OPM FERS/CSRS Disability Retirement: The Time is Now

Waiting for the perfect storm is always the most persuasive grounds for procrastination; that time where coalescence of all necessary factors come together to provide the optimal moment to do something, but which never arrives; and so there is always one issue still to point to, where one can say, “X has not occurred, yet,” in order to delay the inevitable.

The problem with allowing for perfection to prevent action, is that in the meantime it allows for the deterioration of surrounding circumstances and conditions to occur, thereby further exacerbating the allowance for any such perfection to appear.  Grounds always exist to excuse an action; and when the seriousness of contemplating a change of vocation or stoppage of a career is at stake, such grounds are normally reasonable and real.  But at some point, especially when contemplating filing for Federal Disability Retirement from the U.S. Office of Personnel Management, whether under FERS or CSRS, the Federal or Postal employee must simply acknowledge the fact that one’s present circumstance itself is less-than-a-perfect situation, and with that admission, to weigh the factors in deciding whether filing for FERS or CSRS Disability Retirement is the only viable option left.

In a fantasy-filled virtual world, it may well be that one can wait for the coming-together of perfect circumstances; in the “real” world, one must face and decide upon options which may not always present themselves as the best of all possible worlds.

The problem with today is that many of us live in the virtual world of videos; but there is a Kantian world of objectivity out there, and the coldness of that world is often reflected in the very agencies for which Federal and Postal Workers work.

Sincerely,

Robert R. McGill, Esquire

OPM Disability Retirement: Advancing from Thought to Action

In speaking with thousands of Federal and Postal employees, it is the pervasive thread of the final step which emanates from the uniqueness of each case, where the realization of that which separates the personal circumstances from the “rest” of us, can be summarized as follows:  The career of the Federal employee; the dedication and loyalty shown; the acknowledgment of how much our ego, our self-worth, and sense of who we are is dominated by the perception of what we do in the working compartment of our lives; and as Vonnegut said so eloquently, “So it goes”.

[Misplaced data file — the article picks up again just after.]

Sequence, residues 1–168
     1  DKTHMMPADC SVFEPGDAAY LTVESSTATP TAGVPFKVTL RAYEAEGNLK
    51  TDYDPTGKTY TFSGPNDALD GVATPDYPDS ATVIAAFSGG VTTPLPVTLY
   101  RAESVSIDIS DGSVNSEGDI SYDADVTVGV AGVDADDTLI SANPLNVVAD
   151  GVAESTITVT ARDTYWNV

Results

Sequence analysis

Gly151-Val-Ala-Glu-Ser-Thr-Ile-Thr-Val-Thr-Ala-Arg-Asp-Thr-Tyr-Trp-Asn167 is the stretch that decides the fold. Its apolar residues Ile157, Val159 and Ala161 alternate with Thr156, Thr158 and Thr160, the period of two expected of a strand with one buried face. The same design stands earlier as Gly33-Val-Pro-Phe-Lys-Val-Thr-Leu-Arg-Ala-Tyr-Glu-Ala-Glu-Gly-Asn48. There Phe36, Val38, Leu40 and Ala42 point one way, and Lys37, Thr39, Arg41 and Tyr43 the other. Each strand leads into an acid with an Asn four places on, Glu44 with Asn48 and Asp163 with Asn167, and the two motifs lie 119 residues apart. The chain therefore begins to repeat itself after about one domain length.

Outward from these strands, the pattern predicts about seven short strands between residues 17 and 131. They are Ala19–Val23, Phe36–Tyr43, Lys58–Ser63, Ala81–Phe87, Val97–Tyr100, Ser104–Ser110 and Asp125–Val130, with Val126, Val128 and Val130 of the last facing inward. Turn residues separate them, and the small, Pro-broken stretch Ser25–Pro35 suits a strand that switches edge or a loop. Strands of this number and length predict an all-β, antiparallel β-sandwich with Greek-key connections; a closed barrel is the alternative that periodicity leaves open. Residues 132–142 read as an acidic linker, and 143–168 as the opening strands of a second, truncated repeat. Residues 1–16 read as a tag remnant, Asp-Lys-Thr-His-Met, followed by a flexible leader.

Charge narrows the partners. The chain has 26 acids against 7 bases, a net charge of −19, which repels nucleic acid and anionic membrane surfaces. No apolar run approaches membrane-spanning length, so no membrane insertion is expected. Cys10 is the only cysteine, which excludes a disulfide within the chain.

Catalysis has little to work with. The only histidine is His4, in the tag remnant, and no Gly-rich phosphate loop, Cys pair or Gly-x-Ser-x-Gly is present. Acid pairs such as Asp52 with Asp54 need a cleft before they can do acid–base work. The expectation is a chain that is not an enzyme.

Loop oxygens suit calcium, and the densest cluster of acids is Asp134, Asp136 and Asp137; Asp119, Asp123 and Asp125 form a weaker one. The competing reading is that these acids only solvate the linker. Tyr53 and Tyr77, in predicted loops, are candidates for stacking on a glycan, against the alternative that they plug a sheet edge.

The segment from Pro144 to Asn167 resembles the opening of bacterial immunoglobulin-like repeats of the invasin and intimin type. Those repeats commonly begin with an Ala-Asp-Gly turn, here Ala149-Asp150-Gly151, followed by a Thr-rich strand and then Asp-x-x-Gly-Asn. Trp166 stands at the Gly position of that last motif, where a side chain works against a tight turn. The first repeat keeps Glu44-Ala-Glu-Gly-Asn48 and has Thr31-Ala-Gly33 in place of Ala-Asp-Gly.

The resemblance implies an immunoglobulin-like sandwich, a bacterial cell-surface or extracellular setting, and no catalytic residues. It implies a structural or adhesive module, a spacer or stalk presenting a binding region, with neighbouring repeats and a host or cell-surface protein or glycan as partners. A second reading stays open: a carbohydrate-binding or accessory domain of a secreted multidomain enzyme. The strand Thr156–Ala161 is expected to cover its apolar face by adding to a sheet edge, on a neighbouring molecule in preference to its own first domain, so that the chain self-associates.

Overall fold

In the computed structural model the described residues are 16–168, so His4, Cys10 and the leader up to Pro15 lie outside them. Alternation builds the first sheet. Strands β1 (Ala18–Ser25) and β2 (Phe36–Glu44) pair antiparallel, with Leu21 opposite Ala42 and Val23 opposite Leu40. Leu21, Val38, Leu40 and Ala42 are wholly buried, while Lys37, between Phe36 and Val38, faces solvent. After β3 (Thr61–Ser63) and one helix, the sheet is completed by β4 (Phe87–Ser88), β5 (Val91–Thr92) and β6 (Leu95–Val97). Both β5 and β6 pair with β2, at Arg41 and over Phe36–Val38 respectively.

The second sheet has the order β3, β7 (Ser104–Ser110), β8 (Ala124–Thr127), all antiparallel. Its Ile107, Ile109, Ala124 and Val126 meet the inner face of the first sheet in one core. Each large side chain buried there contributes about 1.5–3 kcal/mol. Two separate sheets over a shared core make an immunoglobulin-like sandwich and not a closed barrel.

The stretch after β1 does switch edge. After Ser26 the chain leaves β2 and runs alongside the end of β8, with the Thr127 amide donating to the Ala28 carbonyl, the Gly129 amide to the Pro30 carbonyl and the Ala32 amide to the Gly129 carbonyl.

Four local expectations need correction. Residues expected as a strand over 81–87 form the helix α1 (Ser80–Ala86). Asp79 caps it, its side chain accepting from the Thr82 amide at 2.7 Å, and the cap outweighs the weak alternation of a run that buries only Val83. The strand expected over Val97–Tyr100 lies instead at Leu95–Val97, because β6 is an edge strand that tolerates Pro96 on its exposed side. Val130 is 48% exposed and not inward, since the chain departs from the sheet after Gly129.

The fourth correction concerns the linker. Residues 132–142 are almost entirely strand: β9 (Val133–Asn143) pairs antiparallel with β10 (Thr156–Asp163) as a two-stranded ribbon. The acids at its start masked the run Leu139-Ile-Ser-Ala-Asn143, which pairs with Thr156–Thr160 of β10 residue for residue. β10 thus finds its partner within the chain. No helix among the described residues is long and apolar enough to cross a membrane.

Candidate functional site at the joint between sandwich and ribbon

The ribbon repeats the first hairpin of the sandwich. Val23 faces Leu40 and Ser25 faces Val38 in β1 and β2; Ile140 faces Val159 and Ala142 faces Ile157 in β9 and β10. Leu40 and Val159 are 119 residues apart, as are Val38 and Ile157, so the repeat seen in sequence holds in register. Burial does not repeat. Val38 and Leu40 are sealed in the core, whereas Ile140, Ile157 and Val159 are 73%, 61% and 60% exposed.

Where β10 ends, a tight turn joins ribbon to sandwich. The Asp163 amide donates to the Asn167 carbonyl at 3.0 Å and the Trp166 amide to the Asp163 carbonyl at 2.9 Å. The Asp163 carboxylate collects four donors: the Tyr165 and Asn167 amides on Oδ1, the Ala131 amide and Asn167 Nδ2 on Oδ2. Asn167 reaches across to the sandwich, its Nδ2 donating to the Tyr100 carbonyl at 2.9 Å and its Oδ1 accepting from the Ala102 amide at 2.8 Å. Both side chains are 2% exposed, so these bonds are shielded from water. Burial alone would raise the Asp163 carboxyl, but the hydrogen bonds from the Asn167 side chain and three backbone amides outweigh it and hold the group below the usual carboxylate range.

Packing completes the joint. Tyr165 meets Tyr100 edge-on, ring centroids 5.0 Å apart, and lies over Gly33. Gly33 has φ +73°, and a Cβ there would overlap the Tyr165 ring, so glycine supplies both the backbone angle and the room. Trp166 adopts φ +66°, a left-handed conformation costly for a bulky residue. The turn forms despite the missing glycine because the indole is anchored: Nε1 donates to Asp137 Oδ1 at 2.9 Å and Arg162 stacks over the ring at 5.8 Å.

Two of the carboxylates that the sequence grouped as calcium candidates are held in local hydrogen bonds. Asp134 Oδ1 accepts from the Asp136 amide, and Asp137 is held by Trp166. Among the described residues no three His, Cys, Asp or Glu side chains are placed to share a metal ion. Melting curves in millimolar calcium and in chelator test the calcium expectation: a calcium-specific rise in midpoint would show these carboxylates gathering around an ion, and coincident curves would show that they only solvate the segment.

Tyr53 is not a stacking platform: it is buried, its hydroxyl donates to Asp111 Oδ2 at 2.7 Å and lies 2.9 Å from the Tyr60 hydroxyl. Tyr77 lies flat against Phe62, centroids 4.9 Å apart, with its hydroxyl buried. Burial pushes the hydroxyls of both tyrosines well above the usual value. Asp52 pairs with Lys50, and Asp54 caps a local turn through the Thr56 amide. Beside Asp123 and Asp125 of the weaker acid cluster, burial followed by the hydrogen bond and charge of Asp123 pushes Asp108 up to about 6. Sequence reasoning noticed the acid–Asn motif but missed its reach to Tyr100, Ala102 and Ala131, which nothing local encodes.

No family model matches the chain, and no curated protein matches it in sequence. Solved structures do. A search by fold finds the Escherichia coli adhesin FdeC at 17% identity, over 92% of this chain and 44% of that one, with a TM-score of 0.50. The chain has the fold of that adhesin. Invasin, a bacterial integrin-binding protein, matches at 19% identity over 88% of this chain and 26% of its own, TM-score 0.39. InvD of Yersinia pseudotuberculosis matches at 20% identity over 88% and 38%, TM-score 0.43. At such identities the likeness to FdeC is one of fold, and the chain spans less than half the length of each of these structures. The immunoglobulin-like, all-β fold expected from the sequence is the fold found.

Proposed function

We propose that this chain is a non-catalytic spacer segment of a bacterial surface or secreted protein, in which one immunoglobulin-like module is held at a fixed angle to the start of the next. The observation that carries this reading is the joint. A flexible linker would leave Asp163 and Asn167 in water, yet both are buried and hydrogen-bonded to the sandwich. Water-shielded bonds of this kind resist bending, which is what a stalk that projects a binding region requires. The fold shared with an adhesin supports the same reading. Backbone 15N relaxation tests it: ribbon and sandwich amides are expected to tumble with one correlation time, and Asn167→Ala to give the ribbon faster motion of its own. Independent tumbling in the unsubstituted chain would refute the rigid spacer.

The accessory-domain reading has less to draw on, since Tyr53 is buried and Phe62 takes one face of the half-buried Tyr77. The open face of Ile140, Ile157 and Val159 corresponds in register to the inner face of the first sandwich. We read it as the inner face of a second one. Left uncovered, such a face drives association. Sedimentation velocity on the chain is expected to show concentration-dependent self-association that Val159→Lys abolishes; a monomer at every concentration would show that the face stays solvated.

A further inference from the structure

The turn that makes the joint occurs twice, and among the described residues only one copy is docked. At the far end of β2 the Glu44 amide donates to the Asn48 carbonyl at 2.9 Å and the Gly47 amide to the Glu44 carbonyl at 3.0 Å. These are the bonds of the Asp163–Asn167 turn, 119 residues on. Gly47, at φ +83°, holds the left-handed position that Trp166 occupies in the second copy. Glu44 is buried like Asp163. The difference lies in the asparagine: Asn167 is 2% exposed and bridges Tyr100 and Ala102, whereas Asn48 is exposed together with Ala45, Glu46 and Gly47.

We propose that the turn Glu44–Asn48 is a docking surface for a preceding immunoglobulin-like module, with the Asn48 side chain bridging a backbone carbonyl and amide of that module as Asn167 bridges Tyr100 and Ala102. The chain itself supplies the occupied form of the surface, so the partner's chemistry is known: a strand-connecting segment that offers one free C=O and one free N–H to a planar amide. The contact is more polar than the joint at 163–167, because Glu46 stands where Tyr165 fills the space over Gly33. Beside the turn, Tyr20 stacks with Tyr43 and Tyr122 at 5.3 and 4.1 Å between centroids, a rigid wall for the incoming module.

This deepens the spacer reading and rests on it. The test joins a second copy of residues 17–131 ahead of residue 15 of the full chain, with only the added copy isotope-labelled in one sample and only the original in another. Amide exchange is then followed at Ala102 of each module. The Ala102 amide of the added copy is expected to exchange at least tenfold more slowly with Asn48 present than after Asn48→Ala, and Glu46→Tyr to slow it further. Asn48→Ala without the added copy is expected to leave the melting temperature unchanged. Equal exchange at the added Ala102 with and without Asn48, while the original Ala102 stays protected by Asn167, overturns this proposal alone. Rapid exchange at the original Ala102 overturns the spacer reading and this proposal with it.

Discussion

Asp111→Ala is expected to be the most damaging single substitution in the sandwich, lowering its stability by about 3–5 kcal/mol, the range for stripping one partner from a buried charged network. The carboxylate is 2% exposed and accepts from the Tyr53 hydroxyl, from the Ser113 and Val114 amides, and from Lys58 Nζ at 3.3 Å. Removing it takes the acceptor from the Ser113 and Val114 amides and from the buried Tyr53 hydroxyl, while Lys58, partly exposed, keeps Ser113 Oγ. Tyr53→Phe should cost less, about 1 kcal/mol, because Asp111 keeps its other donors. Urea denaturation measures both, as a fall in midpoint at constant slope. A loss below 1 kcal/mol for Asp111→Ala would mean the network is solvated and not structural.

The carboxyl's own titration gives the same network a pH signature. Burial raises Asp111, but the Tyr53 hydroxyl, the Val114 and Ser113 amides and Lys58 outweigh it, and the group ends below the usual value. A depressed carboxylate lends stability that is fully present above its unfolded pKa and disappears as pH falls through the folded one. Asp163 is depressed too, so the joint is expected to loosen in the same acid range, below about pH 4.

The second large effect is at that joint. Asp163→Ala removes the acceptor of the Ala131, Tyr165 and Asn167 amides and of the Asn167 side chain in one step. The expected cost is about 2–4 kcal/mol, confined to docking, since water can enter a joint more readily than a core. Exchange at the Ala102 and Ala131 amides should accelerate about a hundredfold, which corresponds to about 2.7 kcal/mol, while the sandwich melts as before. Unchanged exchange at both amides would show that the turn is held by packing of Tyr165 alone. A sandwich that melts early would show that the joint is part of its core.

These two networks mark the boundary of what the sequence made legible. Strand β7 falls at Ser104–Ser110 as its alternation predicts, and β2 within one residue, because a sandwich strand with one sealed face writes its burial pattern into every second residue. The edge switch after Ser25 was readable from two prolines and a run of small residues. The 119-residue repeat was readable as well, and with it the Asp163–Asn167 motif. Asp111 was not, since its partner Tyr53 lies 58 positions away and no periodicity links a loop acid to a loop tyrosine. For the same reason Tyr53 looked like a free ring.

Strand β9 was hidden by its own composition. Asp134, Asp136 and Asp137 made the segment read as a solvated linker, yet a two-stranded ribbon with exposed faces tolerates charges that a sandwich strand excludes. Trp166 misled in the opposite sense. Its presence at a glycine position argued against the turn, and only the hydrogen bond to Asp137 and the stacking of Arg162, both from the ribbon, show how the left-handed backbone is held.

In preparing, formulating and filing a Federal Disability Retirement application under FERS or CSRS, it is that “final step” which is so difficult to take — of transitioning from thought to action, from theoretical construct to practical application; of accepting a diminution, and ultimate elimination, of continuing to engage in that worthy endeavor variously called, “a career”, “one’s profession”, or the answer to the question which every encounter poses:  “So, what do you do?”  And it should be understandable.  

So much of one’s life is taken up by one’s work, that to consider the option because of circumstances beyond one’s control — of a medical condition which has come to impact one’s ability to perform the essential elements of that which defines the Federal or Postal employee — is a difficult step to take.  But it is better to control the options available than to allow for circumstances to dictate one’s future; better to work out a timetable than to submit to an emergency; and better to drive a graceful road, than to be forcibly strapped into a roller coaster.

The step from thinking about filing for Federal Disability Retirement, to acting upon it, is a major event in one’s life.  But to delay, procrastinate, and ultimately allow for others to determine one’s destiny, is an option worse than taking the necessary step.  Indeed, it is no option at all, but an uncontrolled event.

Sincerely,

Robert R. McGill, Esquire

OPM Disability Retirement: The Necessity of Filing

Sometimes the question is asked as to whether it is “necessary” to file for Federal Disability Retirement benefits if certain advantages, benefits and comfort levels have already been reached.  

Therein lies the problem, of course:  that when one has secured one benefit which one relies upon and has depended upon, the necessity of filing for a collateral source in order to allow for future options, seems (at times) to be a remote necessity.  But the immediacy of a necessity should never be the primary basis for deciding whether or not to do something; forethought, securing the possibilities for future circumstances, perhaps somewhat unforeseen at the moment, should always be factors in making a decision.  

In general, it is best to allow for as many options to remain open in life, and not allow for an option to close merely because the tolling of the Statute of Limitations has passed.  Thus, if a person is on SSDI or OWCP, the question will often be presented as to whether or not filing for Federal Disability Retirement benefits is necessary.  The unequivocal answer is, “yes”.  

For those on SSDI (already approved), the approval itself from SSDI will have some persuasive authority in getting a FERS Disability Retirement approved.  It will not be determinative, but merely persuasive. Further, while there will be an offset between SSDI and FERS Disability Retirement, there are multiple other factors which should convince a Federal or Postal Worker that filing for FERS Disability Retirement is the intelligent thing to do.  

As for those on OWCP, while one cannot receive both OWCP and FERS or CSRS Disability Retirement benefits concurrently, the Federal or Postal employee can get it approved, and simply leave it in an inactive statute — for, as no one knows what the future holds, it is good to secure multiple benefits for potential future use.  To unnecessarily close out options to the future is never a wise thing to do.

Sincerely,

Robert R. McGill, Esquire